Coolidge could summarize without hyperbole, that “[n]o other journalists ever had a like opportunity” to perform so large a service for humanity as the American press. “In financial resources, in absolute independence, in the reaction of an enlightened public opinion to right and truth and justice, the position which they occupy in this country stands unrivaled in all history.” However, American journalism could not overlook the most important side of all in what they do, Coolidge concluded. “No enterprise can obtain a success which is worth anything unless it appeals to the spiritual nature of mankind. No matter how secular the efforts may be of a publication, it will fail of the largest attainments, will not meet the highest requirements, will not secure the widest influence unless it is moved by a reverence for religion. Our country is a reverent country and our people are a reverent people. Our institutions must rest on that foundation. The press must minister to that spirit. Their great work must go on like all other great works, in reliance upon a divine purpose. If the corner stone which we are laying to-day is to endure, it must represent these principles. ‘Except the Lord build the house, they labor in vain that build it.’ “
Glaringly absent from most of today’s training in political leadership is a straightforward connection to reality. For all too many, the money for each and every appropriation, political favor, or tax exacted will always be there upon demand. There is no realization that every time a tax goes up, someone has to work harder in order to pay it. Insulated from the outcomes of their own actions, most politicians fail to grasp what crushing price they inflict on the very people who create, work and struggle to produce in this country. Not so with Calvin Coolidge. Coolidge was instilled with a recognition of this inescapable truth from a very young age. It remained present in every act of his public life. “As I went about with my father when he collected taxes, I knew that when taxes were laid some one had to work to earn the money to pay them. I saw that a public debt was a burden on all the people in a community…” From this “good working knowledge of the practical side of government” Calvin understood that individual freedom and opportunity suffer in proportion to government taxation.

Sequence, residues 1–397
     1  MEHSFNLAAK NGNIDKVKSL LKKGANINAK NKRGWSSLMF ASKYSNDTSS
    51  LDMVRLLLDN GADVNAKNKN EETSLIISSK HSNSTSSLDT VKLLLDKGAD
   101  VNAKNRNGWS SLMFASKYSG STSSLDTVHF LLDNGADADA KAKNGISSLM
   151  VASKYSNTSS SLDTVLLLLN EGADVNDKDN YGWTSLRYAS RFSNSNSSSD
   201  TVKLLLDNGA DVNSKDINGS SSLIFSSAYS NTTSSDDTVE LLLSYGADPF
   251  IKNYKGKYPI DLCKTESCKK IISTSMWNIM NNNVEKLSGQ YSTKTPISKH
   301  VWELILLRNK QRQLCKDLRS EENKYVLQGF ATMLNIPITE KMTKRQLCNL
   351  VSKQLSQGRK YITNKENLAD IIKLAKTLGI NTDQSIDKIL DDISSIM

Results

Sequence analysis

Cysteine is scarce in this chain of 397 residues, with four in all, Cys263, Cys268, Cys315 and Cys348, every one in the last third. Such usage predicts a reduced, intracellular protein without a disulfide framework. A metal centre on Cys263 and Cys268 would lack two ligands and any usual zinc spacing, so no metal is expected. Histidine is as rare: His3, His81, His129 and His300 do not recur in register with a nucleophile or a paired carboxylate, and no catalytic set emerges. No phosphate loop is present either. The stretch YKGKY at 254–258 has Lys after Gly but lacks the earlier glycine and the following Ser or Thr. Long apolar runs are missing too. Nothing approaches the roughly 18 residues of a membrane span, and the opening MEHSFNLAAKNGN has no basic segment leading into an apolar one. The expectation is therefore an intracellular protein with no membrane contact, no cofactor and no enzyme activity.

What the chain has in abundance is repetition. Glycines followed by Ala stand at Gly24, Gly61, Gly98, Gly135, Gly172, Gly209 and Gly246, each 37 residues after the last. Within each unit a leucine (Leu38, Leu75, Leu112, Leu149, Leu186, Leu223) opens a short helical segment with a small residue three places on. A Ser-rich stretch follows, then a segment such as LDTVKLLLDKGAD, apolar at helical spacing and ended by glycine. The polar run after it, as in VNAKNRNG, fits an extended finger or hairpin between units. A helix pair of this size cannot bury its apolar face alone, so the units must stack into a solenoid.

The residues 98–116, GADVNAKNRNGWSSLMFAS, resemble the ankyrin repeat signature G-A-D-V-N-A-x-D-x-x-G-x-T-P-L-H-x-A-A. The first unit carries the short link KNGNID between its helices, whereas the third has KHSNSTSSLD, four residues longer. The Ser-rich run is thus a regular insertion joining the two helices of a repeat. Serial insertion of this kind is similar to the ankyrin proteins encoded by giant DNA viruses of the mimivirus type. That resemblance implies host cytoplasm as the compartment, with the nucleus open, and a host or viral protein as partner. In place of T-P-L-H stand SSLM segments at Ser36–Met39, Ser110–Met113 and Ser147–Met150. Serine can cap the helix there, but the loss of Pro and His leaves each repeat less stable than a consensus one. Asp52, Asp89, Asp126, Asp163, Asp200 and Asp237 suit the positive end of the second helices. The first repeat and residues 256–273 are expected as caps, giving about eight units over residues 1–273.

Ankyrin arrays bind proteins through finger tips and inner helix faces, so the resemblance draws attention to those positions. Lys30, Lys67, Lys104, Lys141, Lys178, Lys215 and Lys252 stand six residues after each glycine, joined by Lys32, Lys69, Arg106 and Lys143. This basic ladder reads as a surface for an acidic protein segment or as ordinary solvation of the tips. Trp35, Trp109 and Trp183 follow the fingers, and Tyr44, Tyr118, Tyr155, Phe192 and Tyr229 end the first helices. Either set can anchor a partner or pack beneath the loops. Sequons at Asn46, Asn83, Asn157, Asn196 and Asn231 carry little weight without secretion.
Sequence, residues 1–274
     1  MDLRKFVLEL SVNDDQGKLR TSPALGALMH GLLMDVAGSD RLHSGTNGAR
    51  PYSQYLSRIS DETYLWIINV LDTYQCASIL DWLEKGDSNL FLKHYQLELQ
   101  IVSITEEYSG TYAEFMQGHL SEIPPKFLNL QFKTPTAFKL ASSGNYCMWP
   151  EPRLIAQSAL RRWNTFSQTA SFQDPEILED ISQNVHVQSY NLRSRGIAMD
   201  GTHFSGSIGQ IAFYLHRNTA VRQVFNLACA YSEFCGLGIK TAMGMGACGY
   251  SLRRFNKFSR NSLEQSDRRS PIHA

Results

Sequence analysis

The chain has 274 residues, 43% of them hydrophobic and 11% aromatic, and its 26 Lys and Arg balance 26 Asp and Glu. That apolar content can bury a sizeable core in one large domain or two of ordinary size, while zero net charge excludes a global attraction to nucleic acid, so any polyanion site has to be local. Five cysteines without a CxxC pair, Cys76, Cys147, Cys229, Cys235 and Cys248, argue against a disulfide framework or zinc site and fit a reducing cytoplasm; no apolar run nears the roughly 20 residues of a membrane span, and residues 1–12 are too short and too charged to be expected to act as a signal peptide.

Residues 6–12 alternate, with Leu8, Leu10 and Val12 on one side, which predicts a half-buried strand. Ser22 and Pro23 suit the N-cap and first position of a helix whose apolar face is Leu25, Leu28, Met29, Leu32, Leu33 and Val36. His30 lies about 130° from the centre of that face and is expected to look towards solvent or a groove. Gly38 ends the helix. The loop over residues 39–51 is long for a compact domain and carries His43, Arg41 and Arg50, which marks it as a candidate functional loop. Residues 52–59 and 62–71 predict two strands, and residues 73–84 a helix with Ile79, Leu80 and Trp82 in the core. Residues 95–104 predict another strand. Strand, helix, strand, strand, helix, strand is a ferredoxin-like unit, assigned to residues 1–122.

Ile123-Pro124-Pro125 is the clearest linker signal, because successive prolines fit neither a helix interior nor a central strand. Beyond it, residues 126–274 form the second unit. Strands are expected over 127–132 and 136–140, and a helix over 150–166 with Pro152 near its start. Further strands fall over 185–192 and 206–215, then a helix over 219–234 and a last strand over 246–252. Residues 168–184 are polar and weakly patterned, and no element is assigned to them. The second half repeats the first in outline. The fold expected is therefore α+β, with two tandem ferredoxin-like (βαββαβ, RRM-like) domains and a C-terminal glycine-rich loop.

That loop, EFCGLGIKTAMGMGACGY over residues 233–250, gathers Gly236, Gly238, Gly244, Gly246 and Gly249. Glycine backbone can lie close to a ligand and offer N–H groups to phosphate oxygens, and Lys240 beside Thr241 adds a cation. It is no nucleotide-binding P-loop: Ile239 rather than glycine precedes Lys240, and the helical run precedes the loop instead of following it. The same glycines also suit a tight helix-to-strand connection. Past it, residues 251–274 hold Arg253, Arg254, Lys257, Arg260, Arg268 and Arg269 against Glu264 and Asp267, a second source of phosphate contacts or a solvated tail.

As Vice President, Coolidge knew that business is not the immortal “golden goose” to be raided infinitely by government whim. He knew this not as an academic abstraction or politician’s platitude but from working the country store back in Plymouth. “The business of the country, as a whole, is transacted on a small margin of profit,” he reminded his audience. The notion that profit was to be confiscated and “windfalls” penalized had even then been a fashionable demand during his youth. “The economic structure is one of great delicacy and sensitiveness. When taxes become too burdensome, either the price of commodities has to be raised to a point at which consumption is so diminished as greatly to curtail production, or so much of the returns from industry is required by the government that production becomes unprofitable and ceases for that reason. In either case there is depression, lack of employment, idleness of investment and of the wage-earner, with the long line of attendant want and suffering on the part of the people.” Then Coolidge zeroes in on the principle at stake, “After order and liberty, economy is one of the highest essentials of a free government.”
Experience confirmed the soundness of this precept time and again, as he would confirm, even more emphatically, two years later during his Inaugural Address, “The collection of any taxes which are not absolutely required, which do not beyond reasonable doubt contribute to the public welfare, is only a species of legalized larceny. Under this republic the rewards of industry belong to those who earn them. The only constitutional tax is the tax which ministers to public necessity. The property of the country belongs to the people of the country. Their title is absolute. They do not support any privileged class; they do not need to maintain great military forces; they ought not to be burdened with a great array of public employees…” Then, taking on the issue of punitive taxation directly, he said, “I am opposed to extremely high rates, because they produce little or no revenue, because they are bad for the country, and, finally, because they are wrong. We can not finance the country, we can not improve social conditions, through any system of injustice, even if we attempt to inflict it upon the rich. Those who suffer the most harm will be the poor.”
Keenly aware that “the power to tax is the power to destroy,” he summarized the essence of the matter at Memorial Continental Hall in June 1924, “A government which lays taxes on the people not required by urgent public necessity and sound public policy is not a protector of liberty, but an instrument of tyranny. It condemns the citizen to servitude. One of the first signs of the breaking down of a free government is a disregard by the taxing power of the right of the people to their own property. It makes little difference whether such a condition is brought about through will of a dictator, through the power of a military force, or through the pressure of a organized minority. The result is the same. Unless the people can enjoy that reasonable security in the possession of their property, which is guaranteed in the Constitution, against unreasonable taxation, freedom is at an end. The common man is restrained and hampered in his ability to secure food and clothing and shelter. His wages are decreased, his hours are lengthened. Against the recurring tendency in this direction there must be interposed the constant effort of an informed electorate and of patriotic public servants. The importance of a constant reiteration of these principles cannot be overestimated.”